Reflecting on a single semester doesn’t sound so hard, but when I sat down to write this post, I struggled to articulate the multitude of different thoughts and ideas that I formed as a result of this course.
In the beginning, I had no idea what to expect. I had to pretend for the purposes of my blog post about the topic, so I attempted to make something up until I hit an acceptable word count. It turns out I kind of nailed it:
“I am taking this class to allow myself to step back and see the broader social landscape in its entirety.”
I did step back. The views were astonishing, and their effects were profound.
From the very first class, I began to think about the world differently. We watched Nicholas Christakis talk about how social networks are embedded in our lives. This realization allowed him to see the world as “pairs of people connected to each other,” which were then “connected into foursomes with other pairs of people nearby. And then, in fact, these people were embedded in other sorts of relationships: marriage and spousal and friendship and other sorts of ties. And that, in fact, these connections were vast and that we were all embedded in this broad set of connections with each other.”
I found this idea about embedded social networks to be a great framework for thinking about pretty much everything. This concept helps inform study of digital trends, but it also helped me think about all the other issues I encountered throughout the course of the semester. For example, social connections and the flow of information influence public health, scientific research, and healthcare. These connections can also provide a framework for thinking about the development of various forms of written genre and forms of communication throughout history.
The underlying social behavior of humans forms the foundation of social media and is essential for understanding how digital technology is affecting our work and our life. Companies need to be able to successfully utilize technology for internal communication and employee engagement. They also need to understand how to successfully compete among connected products and consumers.
The technology available to us now is life-changing, and as we’ve discussed, brain-changing. These changes might not be that bad. After all, humans and technology have been shaping each other since the dawn of time. Generally, we adapt because the benefit provided to the technology is great enough to warrant its implementation.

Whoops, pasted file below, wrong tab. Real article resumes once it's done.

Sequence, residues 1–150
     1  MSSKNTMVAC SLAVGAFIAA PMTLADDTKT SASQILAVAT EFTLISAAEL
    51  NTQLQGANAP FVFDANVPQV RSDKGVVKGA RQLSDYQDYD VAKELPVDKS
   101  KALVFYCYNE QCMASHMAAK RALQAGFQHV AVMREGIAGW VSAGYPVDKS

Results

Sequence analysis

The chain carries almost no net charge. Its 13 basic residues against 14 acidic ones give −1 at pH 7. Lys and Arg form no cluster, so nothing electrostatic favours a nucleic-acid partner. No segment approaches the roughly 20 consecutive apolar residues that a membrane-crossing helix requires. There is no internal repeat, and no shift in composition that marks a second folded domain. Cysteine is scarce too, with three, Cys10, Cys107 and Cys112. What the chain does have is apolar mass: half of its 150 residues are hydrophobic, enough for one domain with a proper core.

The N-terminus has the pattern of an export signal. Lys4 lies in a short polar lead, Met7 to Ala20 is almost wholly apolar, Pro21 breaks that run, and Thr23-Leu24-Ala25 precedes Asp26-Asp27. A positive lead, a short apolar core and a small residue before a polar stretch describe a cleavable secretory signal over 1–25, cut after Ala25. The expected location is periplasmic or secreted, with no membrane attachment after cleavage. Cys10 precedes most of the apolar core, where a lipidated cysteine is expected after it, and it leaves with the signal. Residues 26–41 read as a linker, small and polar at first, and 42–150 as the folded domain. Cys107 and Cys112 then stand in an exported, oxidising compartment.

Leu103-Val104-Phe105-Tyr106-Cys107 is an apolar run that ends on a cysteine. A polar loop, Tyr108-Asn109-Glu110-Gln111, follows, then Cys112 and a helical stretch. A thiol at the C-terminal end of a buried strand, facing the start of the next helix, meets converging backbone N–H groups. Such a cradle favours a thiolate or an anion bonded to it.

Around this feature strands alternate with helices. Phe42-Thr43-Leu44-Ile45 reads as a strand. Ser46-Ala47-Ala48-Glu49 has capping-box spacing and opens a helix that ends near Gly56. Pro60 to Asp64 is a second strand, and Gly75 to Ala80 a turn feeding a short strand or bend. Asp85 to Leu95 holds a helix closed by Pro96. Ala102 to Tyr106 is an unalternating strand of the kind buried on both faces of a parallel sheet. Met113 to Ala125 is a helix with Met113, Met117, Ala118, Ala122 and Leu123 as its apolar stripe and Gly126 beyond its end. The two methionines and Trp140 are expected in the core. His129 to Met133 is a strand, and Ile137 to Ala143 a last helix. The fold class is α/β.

My positive outlook on social media has largely been reinforced over the course of the semester. However, I now understand more of the dangers that come along with social media and digital technology. I had previously been happy to ignore any naysayers and combat them with evidence from my personal positive experiences with social media. Now I am more aware of potential problems, and more importantly, the need to continually evaluate new technologies. Some of them might be making us worse off. For example, many people think we are becoming addicted to our mobile devices. Additionally, GPS technology has negatively affected some users. In a phenomenon known as “death by GPS,” people have been known to blindly follow their GPS systems into dangerous and even deadly situations.
Of course, this technology also unleashes enormous social capabilities. We have the capacity, and thus, the expectation to connect with hundreds of people in a single day. You probably have more Facebook friends and Twitter followers than most people would encounter in a lifetime for most of human history. It’s beneficial to be able to manage so many connections for things like maintaining friendships, but that level of connection can be taxing, especially when it involves being barraged by notifications all day.
A someone who is naturally curious, I recognize the value of the Internet for learning and gathering information. Without it, I’d probably be alone in the library. Instead, I’m in the library with millions of other Twitter users (jk, kind of). No matter where I am, as long as there is wifi, I can be social. But not too social. (I usually have my iMessage notifications turned off).
This class was supposed to help me learn about social media, but it ultimately taught me about being social, no media required. The digital world is just the real world intensified, so it helps to have your feet firmly planted on solid ground before diving into digital.